I find that I still prefer browsing Netflix with the Apple TV remote using the Apple TV Netflix app. I don't know why. I think it's because the remote is tiny, and doesn't require me to look at it to use it. My thumb naturally finds the bumps and grooves and navigates the Apple TV UI.

I'm becoming convinced that as cool as using a phone or tablet to control my TV is, it's not actually what I will gravitate towards. And is in the end, harder in most cases than using a simple remote.


> There doesn't need to be an OS or a UI for the Apple TV: your phone or tablet will be a better experience for typing and searching for content every time

I could not disagree more. I understand your point, and on an intellectual level, completely agree with it. However, I never used HBO Go until it showed up on my Apple TV. I have a Mac mini hooked up to my TV, but routinely use Netflix on the Apple TV. I would kill for a Plex app for the Apple TV, even though I have it running on the Mac mini, and have it set up to use a remote. I can't explain it, it just feels better.


Matter of fact both Plex & XBMC happily run on an ATV2 - may I direct your attention to their forum http://forums.plexapp.com/index.php/forum/76-apple-tv-2nd-ge...


Regarding your wish of a Plex app on the the Apple TV: You know that you can have XBMC on your Apple TV today? Plex is a fork of XBMC, which in my opinion is the better media center, iterating and introducing new features way faster.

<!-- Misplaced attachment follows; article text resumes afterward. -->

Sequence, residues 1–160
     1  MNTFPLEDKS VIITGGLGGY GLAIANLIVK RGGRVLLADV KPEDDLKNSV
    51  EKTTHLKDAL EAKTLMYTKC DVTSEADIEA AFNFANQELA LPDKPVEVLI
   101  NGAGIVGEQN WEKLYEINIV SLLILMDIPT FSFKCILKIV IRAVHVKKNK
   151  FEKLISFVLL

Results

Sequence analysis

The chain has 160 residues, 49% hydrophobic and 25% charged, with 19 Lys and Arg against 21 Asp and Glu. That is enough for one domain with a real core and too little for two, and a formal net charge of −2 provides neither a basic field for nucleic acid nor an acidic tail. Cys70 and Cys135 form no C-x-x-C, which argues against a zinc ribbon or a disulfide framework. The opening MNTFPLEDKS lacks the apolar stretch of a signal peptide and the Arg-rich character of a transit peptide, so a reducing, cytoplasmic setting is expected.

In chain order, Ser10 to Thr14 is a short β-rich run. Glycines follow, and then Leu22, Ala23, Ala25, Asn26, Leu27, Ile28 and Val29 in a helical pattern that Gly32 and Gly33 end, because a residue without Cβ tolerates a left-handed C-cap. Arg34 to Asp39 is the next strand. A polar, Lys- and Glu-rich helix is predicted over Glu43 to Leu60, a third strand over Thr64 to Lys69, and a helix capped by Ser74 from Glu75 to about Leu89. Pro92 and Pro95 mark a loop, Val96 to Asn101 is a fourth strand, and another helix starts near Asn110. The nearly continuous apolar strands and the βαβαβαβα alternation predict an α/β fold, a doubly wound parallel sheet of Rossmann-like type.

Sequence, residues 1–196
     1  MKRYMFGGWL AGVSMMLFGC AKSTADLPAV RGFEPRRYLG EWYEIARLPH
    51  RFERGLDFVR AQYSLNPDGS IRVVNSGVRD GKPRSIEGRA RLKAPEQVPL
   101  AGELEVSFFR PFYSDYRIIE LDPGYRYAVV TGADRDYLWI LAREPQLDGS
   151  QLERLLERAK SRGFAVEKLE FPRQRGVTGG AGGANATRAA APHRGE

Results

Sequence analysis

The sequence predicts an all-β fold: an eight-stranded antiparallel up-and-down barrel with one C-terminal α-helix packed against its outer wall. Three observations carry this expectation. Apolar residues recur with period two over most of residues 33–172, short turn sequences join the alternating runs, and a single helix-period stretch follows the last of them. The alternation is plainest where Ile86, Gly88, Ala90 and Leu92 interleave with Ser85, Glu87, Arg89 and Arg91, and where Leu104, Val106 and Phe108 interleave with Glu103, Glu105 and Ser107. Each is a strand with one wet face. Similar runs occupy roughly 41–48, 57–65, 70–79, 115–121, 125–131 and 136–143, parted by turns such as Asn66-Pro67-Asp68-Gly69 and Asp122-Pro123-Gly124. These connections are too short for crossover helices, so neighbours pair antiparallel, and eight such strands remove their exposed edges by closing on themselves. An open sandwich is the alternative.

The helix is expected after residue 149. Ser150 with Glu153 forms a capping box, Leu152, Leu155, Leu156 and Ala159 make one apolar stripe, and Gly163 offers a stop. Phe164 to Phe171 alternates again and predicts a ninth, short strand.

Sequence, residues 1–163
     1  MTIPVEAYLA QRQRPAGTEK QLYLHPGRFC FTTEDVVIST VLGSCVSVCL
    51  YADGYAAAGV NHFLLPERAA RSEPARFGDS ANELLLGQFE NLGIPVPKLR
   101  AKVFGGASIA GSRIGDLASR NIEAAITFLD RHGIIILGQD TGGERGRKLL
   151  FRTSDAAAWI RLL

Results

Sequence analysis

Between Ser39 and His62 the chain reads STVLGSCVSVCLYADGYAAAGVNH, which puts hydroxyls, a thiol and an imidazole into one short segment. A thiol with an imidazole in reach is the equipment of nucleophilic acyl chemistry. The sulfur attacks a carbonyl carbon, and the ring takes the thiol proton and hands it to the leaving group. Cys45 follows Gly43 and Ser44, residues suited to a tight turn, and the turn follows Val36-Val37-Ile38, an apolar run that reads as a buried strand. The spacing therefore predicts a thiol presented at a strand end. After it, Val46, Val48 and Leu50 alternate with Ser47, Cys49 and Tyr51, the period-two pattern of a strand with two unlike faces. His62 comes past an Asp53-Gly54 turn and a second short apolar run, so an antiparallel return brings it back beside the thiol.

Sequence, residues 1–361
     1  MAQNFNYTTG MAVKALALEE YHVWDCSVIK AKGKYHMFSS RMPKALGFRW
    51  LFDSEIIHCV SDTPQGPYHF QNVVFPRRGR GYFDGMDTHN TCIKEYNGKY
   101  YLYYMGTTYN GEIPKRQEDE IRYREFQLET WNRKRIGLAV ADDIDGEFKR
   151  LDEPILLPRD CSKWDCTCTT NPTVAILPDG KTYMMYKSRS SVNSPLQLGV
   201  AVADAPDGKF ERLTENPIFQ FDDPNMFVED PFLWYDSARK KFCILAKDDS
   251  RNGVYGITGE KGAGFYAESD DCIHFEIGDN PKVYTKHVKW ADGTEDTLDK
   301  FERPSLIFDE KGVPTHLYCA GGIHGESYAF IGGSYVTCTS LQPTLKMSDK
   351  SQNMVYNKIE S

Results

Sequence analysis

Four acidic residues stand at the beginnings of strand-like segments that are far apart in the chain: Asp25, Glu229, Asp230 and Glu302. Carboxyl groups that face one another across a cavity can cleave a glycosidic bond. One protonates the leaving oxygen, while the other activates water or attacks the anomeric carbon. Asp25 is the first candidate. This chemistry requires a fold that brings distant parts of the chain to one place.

Wow I wanted the same thing as well. For some time now I have been thinking of hacking AirPlay support into my TV (it runs Linux) but I worry about its lifespan.

I would totally buy this and hack it instead.


Possible integration with Google Now would be tres cool, too. Talk to search... yum... "Netflix, play star trek on my TV"


One downside to this: a lack of group browsing. Right now I have a PC attached to my TV- it's kind of old and I'm considering just replacing it with this ChromeCast thing. But when I have people over and we're watching a movie we browse the selection as a group- it'll be a shame not being able to do that.


So the way my friends and I currently use the Apple TV is we all kind of just try to Airplay stuff from our phones and whatever randomly wins, wins. It would be cool to keep that same interaction, just with a little more structure: perhaps the videos get queued instead of all of them losing instead of one.


You can do it if the app supports it. Remember the demo earlier today of the YouTube app pausing both an iPhone and Android as the pause button was pressed? If it can share status information via wifi and the web, you can imagine a "Party Mode" or "Party Playlist" that does the same thing across multiple devices, linking them because they all see the same ChromeCast device.


If it works with YouTube Leanback this will be possible for YouTube at least. Multiple phones/tablets can hook up to the same session and queue videos to watch next.


Theres a third party product, AirParrot, that gives you AirPlay mirroring from your Mac or PC.


Unless you want to work on your Macbook while watching a movie...


Have you tried iMediaShare? much simple and support DLNA and Airplay